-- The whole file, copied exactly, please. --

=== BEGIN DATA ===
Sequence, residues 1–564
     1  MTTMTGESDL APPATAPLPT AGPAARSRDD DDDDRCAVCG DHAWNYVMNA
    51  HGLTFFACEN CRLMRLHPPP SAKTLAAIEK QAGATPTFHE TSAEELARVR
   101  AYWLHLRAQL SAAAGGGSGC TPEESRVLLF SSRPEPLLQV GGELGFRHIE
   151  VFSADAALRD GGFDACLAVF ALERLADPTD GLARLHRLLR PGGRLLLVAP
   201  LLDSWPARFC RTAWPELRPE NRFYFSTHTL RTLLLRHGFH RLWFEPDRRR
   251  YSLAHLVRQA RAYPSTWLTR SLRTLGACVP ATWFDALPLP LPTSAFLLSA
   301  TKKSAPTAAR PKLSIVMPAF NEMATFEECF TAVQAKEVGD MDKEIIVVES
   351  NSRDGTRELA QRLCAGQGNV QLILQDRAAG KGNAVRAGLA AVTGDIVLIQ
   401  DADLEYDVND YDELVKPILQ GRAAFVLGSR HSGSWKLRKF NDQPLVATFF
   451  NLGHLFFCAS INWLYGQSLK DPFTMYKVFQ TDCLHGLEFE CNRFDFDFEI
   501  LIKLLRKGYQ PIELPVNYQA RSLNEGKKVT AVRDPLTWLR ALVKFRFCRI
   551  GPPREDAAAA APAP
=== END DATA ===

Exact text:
Sequence, residues 1–564
     1  MTTMTGESDL APPATAPLPT AGPAARSRDD DDDDRCAVCG DHAWNYVMNA
    51  HGLTFFACEN CRLMRLHPPP SAKTLAAIEK QAGATPTFHE TSAEELARVR
   101  AYWLHLRAQL SAAAGGGSGC TPEESRVLLF SSRPEPLLQV GGELGFRHIE
   151  VFSADAALRD GGFDACLAVF ALERLADPTD GLARLHRLLR PGGRLLLVAP
   201  LLDSWPARFC RTAWPELRPE NRFYFSTHTL RTLLLRHGFH RLWFEPDRRR
   251  YSLAHLVRQA RAYPSTWLTR SLRTLGACVP ATWFDALPLP LPTSAFLLSA
   301  TKKSAPTAAR PKLSIVMPAF NEMATFEECF TAVQAKEVGD MDKEIIVVES
   351  NSRDGTRELA QRLCAGQGNV QLILQDRAAG KGNAVRAGLA AVTGDIVLIQ
   401  DADLEYDVND YDELVKPILQ GRAAFVLGSR HSGSWKLRKF NDQPLVATFF
   451  NLGHLFFCAS INWLYGQSLK DPFTMYKVFQ TDCLHGLEFE CNRFDFDFEI
   501  LIKLLRKGYQ PIELPVNYQA RSLNEGKKVT AVRDPLTWLR ALVKFRFCRI
   551  GPPREDAAAA APAP